“Some of my students have been coming for two years; I think they enjoy the social side of it just as much,” he says.

“Halfway through the course we have a British cup of tea and a biscuit that my wife bakes.”

And with the courses held in English, Smith claims the Swedes can learn even more than just the art of creating stained-glass panels.

“I say they have to pay for the courses but the English is free,” he chuckles.

As for life in a small Swedish village, the 61-year-old couldn't be happier with Nannberga.

“It’s great here, the people are lovely. They try to help me learn Swedish, but always switch to English if I don’t understand,” he tells The Local.

“I've been told so much about Swedes keeping to themselves, but we've found the opposite – people have been very friendly towards us. People go out of their way to come and talk to us.”

So does that mean France is off the cards, then?

“Well, I have only good things to say about Nannberga. I wouldn’t want to live anywhere else.”

Oliver Gee

Follow Oliver on Twitter here

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Convicted killer offers Assange ‘legal advice’

Christine Schürrer, a German woman who was convicted of murdering two children in 2008, has offered to help Wikileaks founder Julian Assange in his legal battles with Sweden by explaining her own troubles with the Swedish legal system.

Convicted killer offers Assange 'legal advice'

Schürrer, 35, has reportedly sent a letter to the Australian embassy in Stockholm offering her expertise. Her own very public trial four years ago followed the deaths of two children in Arboga, central Sweden.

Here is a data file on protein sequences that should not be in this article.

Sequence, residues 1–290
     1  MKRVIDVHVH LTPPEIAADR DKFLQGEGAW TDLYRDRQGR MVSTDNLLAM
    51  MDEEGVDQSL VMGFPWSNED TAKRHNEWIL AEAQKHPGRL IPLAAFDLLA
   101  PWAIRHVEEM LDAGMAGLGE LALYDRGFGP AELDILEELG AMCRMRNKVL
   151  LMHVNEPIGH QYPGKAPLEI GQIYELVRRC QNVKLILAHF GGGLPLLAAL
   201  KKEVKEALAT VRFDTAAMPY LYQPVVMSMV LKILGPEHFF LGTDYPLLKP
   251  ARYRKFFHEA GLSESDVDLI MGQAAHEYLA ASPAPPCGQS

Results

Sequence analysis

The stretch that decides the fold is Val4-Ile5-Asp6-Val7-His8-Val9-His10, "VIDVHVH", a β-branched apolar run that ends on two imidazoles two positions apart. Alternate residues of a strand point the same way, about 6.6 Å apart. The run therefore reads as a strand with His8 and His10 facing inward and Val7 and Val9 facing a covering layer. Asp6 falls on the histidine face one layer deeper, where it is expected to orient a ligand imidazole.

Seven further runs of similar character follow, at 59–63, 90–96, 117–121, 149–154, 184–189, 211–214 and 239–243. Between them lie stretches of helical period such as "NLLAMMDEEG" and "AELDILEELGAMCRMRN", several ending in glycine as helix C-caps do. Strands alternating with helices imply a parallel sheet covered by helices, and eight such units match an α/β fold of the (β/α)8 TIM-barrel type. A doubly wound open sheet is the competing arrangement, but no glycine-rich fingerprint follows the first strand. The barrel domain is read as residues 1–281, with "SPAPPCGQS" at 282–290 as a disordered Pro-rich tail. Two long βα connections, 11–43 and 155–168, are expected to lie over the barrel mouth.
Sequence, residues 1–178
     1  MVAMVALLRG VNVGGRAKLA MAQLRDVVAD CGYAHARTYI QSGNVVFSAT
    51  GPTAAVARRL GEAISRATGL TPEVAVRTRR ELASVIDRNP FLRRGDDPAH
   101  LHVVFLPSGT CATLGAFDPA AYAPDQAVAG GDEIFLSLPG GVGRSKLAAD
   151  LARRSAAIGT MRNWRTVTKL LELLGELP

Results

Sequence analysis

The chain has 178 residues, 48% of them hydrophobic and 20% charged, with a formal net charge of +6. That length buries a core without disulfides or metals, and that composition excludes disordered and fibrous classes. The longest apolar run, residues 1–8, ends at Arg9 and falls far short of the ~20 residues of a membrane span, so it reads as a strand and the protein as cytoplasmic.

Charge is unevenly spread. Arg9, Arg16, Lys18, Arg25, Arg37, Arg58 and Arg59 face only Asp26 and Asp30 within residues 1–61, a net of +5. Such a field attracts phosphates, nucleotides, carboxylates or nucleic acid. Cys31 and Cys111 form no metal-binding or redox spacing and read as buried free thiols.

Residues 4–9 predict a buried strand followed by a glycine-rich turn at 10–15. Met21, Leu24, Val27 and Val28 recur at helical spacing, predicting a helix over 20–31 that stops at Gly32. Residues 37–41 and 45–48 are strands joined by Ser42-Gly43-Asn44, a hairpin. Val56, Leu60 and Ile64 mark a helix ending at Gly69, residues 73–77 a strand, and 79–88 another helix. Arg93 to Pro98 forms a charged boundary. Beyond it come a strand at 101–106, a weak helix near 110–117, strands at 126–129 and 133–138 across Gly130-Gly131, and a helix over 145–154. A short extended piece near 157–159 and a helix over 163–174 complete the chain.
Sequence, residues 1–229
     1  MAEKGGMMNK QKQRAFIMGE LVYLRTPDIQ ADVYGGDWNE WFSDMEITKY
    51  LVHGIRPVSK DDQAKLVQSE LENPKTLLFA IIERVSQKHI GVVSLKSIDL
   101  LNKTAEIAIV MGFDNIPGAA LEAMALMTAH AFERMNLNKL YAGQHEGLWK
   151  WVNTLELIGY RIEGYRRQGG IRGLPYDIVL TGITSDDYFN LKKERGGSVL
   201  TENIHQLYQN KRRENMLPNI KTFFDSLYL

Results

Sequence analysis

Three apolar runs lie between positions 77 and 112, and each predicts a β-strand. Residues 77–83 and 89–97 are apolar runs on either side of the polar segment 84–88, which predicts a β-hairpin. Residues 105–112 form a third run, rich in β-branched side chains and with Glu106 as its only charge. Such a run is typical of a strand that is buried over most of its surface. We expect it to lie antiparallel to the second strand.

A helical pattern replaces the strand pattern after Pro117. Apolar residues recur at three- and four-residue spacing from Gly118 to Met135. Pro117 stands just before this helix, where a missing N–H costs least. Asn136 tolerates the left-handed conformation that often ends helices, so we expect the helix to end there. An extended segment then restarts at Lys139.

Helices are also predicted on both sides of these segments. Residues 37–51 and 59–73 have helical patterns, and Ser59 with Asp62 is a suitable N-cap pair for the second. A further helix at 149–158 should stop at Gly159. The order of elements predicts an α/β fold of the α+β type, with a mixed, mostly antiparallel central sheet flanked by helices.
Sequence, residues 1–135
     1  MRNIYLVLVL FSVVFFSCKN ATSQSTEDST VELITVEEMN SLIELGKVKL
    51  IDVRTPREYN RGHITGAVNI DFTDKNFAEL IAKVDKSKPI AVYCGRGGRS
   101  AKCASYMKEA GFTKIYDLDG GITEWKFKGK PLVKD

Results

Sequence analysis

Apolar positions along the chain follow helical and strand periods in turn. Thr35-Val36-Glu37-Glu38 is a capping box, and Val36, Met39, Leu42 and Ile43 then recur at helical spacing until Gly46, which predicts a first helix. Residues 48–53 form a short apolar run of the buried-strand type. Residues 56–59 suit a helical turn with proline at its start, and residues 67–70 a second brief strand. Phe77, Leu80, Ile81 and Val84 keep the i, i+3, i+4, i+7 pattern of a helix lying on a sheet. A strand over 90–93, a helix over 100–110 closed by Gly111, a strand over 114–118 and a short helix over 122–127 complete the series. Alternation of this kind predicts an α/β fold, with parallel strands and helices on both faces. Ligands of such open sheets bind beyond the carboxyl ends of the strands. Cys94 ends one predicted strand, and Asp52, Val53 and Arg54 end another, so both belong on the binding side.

The fact that Assange currently risks extradition to Sweden is something that “scares” Schürrer, according to daily Expressen.

Schürrer received a lifetime sentence in 2008 for killing two Swedish children, Max, 3 and Saga, 1, and the attempted murder of their mother.

“She thinks that she has been mishandled, that the Swedish justice system has not taken into consideration her human rights,” said an acquaintance of Schürrer to the paper.

Schürrer’s letter allegedly reads as a warning to the Australian whistleblower.

“There are gaps in legal security here that are obvious and that threaten law and order,” the letter reads, according to Expressen.

According to the woman’s acquaintance, Schürrer believes that Swedish justice system remains at a “medieval level when it allows innocent people to be convicted”.

In her own trial, the Supreme Court, Sweden’s highest legal authority, chose not to grant her the chance to appeal.

However, Assange’s lawyer Tomas Olsson is reportedly not interested in the developments, and has distanced himself from the news.

“I attach no importance to this, it means nothing. This is something she has done of her own accord,” he told the paper.

Meanwhile, Paul Stephens, the Australian ambassador to Sweden, will not comment on the matter, according to his assistant Therese Ryde.

“I’ve spoken to him and he has no comments” she told the paper.

TT/The Local/og